UEFA Champions League winners Chelsea "earned a total of over" €59M ($72.2M) in payments from UEFA for winning the tournament, according to Leonard Mountfield of FOOTBALLGOSSIP.org.uk. Figures revealed by UEFA showed that all 32 teams that participated in the group stage of the tournament received €3.9M ($4.8M) plus a match bonus of €3.3M ($4M). Chelsea saw the biggest payout from the TV marketing pool with a little over €30M ($36.7M) followed by ManU with just over €25M ($30.6M). The London side also received a "series of performance bonuses" for making it through each round. In terms of total revenue from UEFA, Chelsea was followed by finalist Bayern Munich with €41.7M ($51M) and semifinalists FC Barcelona €40.6M ($49.7M) and Real Madrid €38.4M ($47M) (FOOTBALLGOSSIP.org.uk, 7/15).
For a complete team by team Champions League revenue breakdown click here.
EUROPA LEAGUE: The Europa League payouts showed the "disparity between Europe’s premier club competition and its much poorer neighbour the Europa League." The winners Atletico Madrid picked up a total of €10.5M ($12.9M).
For a complete team by team Europa League revenue breakdown click here.
The fallout from the John Terry court case "looks likely to bring major changes" to English football, with the players' asking for their own members to be sent off if they engage in foul or abusive language to each other, according to Mihir Bose of the London INDEPENDENT. As the FA considered whether to charge Chelsea's Terry and QPR's Anton Ferdinand for their "expletive-ridden language," Professional Footballers Association Chair Clarke Carlisle "urged them to consider major changes to the sanctions for swearing." Carlisle: "At present a red card for foul and abusive language is only shown when a player abuses match officials. What the FA should do is order referees to show the red card even when players abuse each other." He added, "For a period this will cause mayhem, but there can be no progress without a struggle." Today, not many black players "want to talk openly about this." Former player who "suffered much racial abuse in the bad days of the Eighties" and current FA consultant and Chair of the quango Sporting Equals, who promote ethnic diversity, Brendan Batson said, "There is a lot of unhappiness and frustration among the current crop of black players at the lack of progress since black players began to be integrated in the Seventies" (INDEPENDENT, 7/15).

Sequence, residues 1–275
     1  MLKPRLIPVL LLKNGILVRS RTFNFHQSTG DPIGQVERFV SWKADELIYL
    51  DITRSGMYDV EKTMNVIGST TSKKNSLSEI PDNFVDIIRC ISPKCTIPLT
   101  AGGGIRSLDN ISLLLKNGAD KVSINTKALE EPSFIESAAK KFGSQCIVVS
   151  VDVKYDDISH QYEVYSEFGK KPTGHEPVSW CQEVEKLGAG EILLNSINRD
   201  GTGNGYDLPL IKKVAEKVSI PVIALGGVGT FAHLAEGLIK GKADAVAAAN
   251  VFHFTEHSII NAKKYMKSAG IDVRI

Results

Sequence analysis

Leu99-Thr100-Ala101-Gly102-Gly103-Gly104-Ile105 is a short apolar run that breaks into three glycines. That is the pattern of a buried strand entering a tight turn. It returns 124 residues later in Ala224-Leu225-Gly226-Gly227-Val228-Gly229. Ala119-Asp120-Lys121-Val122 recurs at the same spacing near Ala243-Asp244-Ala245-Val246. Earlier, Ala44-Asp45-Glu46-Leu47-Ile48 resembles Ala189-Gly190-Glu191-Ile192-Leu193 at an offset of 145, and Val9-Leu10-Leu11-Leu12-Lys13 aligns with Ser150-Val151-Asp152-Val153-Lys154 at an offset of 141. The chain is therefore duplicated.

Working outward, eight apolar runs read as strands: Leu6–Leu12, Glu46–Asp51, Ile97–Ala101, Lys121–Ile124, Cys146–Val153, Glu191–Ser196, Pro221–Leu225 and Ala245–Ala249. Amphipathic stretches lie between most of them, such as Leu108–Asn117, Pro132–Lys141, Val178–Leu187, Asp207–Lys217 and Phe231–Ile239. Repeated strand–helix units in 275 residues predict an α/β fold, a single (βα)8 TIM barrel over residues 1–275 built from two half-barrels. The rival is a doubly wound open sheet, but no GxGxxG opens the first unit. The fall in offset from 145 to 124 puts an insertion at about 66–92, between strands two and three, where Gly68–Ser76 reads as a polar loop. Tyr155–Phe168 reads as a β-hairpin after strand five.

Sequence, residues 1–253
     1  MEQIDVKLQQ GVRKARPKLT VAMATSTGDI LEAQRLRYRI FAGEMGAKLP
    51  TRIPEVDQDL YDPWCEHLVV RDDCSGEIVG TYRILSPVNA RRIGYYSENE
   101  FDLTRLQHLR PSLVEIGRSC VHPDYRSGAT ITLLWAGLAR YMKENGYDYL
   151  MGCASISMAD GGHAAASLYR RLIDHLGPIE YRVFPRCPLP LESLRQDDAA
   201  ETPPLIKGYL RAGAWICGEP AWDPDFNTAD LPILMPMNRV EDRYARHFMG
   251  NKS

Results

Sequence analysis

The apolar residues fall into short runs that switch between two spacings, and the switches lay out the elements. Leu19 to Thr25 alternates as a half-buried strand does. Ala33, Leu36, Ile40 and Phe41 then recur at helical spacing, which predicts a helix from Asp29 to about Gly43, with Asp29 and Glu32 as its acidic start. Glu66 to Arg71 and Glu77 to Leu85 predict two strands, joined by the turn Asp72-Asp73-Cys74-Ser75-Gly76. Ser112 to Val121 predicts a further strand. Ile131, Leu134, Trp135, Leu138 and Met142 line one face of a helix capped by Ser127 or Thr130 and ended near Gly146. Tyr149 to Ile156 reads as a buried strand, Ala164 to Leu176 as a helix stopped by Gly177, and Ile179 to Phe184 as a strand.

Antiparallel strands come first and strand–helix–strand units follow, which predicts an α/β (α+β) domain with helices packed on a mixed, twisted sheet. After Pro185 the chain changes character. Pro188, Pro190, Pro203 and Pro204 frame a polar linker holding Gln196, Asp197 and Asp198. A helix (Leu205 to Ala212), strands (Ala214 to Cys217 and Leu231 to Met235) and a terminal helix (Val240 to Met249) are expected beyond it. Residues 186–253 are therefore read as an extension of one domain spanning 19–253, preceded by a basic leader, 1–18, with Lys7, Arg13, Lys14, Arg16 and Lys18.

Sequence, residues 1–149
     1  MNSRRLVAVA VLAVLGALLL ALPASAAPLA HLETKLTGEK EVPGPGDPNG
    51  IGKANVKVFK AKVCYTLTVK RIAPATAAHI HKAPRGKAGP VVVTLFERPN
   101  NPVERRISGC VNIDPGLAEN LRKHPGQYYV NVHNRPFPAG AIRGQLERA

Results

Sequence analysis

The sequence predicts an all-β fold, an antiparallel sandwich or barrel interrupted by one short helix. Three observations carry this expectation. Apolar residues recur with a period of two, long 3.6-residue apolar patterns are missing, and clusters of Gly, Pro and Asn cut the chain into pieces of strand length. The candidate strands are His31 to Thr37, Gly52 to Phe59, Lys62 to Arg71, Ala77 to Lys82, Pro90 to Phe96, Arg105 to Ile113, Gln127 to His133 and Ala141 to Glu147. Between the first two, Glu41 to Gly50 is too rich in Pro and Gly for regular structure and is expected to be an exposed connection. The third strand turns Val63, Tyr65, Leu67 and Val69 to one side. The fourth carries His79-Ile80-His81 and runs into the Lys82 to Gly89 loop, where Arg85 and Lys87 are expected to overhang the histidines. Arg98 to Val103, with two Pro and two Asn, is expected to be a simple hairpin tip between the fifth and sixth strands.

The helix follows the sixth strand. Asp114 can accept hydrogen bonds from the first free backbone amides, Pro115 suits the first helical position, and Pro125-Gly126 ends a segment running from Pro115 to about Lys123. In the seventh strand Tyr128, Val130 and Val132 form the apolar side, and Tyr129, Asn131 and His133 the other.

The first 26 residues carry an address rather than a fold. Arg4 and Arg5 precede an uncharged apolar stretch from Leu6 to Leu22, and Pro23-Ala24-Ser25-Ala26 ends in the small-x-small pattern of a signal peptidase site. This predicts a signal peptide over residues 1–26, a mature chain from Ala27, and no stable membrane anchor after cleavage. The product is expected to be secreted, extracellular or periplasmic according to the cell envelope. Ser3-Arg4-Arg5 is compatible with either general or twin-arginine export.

The fiscal changes in Spain will "not make it easy" to renew Cristiano Ronaldo's deal with Real Madrid. If the team pays the footballer €15M ($18.4M) net as reported "in a number of media outlets," it will need to spend a total of €22.5M ($27.5M) annually including taxes. That sum, "multiplied by a hypothetical five years under contract," would cost the club €112.5M ($137.7M) (ECODIARIO.es, 7/14).
TRAVEL PACKAGES: GLOBO reported that the official operator of Brazilian side Corinthians FC "announced the different packages" that are available for fans who want to travel to Japan to see the club play in the FIFA Club World Cup. The packages will start at $4,998 which includes airfare, accommodations, assistance in Portuguese and a guarantee in the purchase of tickets for the two games (GLOBO, 7/13).
FAKE GRASS: The BBC reported that the English Football Association "will permit artificial pitches to be used in qualifying rounds" of the FA Cup.The decision also affects matches in six other FA competitions, including the FA Trophy and Women's FA Cup. The FA explained in a statement on its website that: "If any club with an artificial pitch reaches the First Round Proper and is drawn at home, then they will need to switch to a ground of a club who are both an FA Cup entrant and have a natural grass pitch" (BBC, 7/13).